Different Horses, Different Strategies, 1-2-14

I currently have two horses to work with, Atty and Ollie, and I decided to play with a stability ball that I bought just for them. It’s been hiding in my closet waiting for the “right” moment to finally blow it up. Ah, Number One Son is home for the holidays. Maybe I can get him to blow it up for me while I clean the paddock. Good plan!

I got this ball just for the horses because it has a pound or two of sand in it to keep it more stable and less flighty. Now that it was blown up, I took it out to the paddock to see what Atticus would do with it. I tossed it over the fence and he immediately started playing with it – nose, front feet, etc. I wasn’t able to get any video then because I just wasn’t fast enough with my cell phone. Plan B is to actually plan for this and have the camcorder ready tomorrow.

Yesterday and today I came prepared with the camcorder and treats and we played with the ball. I wanted to encourage each horse to interact with the ball in as many ways as possible. They even created a few I hadn’t thought of!

Yesterday, both horses were a bit agitated. Atty was because Ollie was still in the paddock with him and Atty didn’t like that. He spent a great deal of time and energy chasing Ollie off. I should have put Ollie in a stall. When Ollie got his turn he was a bit agitated, too. Why? It could be because I don’t play with him as much and it’s been quite awhile since I have. Also he could have been a bit frustrated to start with because of Atty’s behavior toward him. I don’t really know. I can only guess.

Today, Atty was much calmer because Ollie was in a stall and not encroaching on his territory; Atty didn’t have to resource guard me and the treats against Ollie. Ollie was much calmer probably because he got to play for a second day.

One of the things I wanted to try to do, especially today, was to get each of them to kick the ball forward. Atty is pretty well entrenched into snagging the ball with a front foot and pulling the ball backward. This then gives us other things to explore with the ball and that’s fun, too, but I wanted to see if I could get him to change his focus. I wasn’t all that successful. But he was calmer!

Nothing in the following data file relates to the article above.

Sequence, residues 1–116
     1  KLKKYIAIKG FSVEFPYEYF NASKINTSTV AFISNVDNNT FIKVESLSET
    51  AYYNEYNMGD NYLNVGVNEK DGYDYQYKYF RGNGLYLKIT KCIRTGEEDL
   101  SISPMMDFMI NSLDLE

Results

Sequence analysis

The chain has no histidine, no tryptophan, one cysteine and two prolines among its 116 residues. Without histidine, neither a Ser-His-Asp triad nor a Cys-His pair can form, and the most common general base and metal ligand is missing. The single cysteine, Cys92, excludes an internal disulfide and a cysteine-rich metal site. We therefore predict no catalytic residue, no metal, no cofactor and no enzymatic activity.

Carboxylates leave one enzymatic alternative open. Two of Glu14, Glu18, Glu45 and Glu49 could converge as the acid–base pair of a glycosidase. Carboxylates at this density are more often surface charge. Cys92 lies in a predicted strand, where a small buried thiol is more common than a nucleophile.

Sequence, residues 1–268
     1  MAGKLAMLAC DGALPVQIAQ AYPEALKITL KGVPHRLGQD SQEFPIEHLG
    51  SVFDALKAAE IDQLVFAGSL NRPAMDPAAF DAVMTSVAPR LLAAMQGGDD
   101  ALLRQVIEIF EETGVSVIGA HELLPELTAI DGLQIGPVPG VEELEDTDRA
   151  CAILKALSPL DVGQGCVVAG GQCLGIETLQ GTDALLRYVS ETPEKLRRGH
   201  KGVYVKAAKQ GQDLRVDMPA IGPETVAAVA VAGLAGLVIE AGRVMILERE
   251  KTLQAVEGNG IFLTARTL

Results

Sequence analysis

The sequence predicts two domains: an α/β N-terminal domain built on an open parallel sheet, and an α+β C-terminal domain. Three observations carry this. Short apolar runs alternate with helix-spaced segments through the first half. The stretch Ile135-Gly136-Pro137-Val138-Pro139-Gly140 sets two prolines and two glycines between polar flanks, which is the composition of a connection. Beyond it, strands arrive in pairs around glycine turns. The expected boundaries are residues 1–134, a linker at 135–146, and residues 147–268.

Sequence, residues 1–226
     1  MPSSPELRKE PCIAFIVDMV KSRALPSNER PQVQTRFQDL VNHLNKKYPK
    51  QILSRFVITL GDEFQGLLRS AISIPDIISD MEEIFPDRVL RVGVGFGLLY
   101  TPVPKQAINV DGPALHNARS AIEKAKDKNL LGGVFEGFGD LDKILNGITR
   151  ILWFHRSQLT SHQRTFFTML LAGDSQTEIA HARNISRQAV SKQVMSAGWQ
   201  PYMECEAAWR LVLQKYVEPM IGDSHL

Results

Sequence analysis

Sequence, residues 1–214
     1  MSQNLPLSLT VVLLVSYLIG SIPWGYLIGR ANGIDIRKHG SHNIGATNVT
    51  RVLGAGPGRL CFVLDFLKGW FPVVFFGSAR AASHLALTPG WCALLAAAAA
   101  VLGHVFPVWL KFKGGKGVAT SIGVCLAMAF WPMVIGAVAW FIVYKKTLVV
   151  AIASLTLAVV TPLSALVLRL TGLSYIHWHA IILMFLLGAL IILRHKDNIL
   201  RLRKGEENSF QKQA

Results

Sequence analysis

With Ollie, I was able to get him to kick the ball forward with his front feet. I think there were a few things different and may have been favorable to this result. For one thing, Ollie is very, very fast horse! I need to keep the Rate of Reinforcement (RoR) up pretty high when learning something new or he starts throwing all sorts of behaviors at me pretty fast, he gets frantic, and then we both get frustrated.

Ollie can also “thin-slice” his own behavior pretty well if I’m fast enough to catch it. That is, he’ll give me the tiniest bits of behavior to work with. So I was able to click and treat fast enough that he started to slow down and then I could catch smaller pieces of behavior. This helped me to catch the beginnings of moving a leg rather than catching him after he’d gotten a foot on the ball.

The other thing I discovered rather by accident is that if I stand by his shoulder/neck and face forward and walk very slowly, he will too and then I can catch and reward what Peggy Hogan calls “the Bridesmaid Walk”. I will have to try this tomorrow with Atticus.

So watch all four videos and notice the differences. 🙂

About Laurie Higgins

I play with clicker training - with my horses, dogs, and cats. I also attempt to grow vegetables with the hope of one day being able to feed my family from my garden. My daughter and I are learning ballroom dancing. Well, we were. But she left me for a paying horse job, so now my husband and I are learning ballroom dancing. I'm also now helping Peggy Hogan, of Clicker Training Horses (and The Best Whisper is a Click) to teach people how to train their own horses using "clicker training".
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